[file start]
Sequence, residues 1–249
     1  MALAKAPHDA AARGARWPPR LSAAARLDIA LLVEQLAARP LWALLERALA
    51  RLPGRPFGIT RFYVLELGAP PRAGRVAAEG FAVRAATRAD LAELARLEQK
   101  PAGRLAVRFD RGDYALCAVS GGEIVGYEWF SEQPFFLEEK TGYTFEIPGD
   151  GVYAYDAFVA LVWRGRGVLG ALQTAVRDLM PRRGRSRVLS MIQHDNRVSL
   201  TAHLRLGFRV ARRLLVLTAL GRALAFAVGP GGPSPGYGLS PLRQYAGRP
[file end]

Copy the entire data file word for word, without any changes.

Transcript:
Sequence, residues 1–249
     1  MALAKAPHDA AARGARWPPR LSAAARLDIA LLVEQLAARP LWALLERALA
    51  RLPGRPFGIT RFYVLELGAP PRAGRVAAEG FAVRAATRAD LAELARLEQK
   101  PAGRLAVRFD RGDYALCAVS GGEIVGYEWF SEQPFFLEEK TGYTFEIPGD
   151  GVYAYDAFVA LVWRGRGVLG ALQTAVRDLM PRRGRSRVLS MIQHDNRVSL
   201  TAHLRLGFRV ARRLLVLTAL GRALAFAVGP GGPSPGYGLS PLRQYAGRP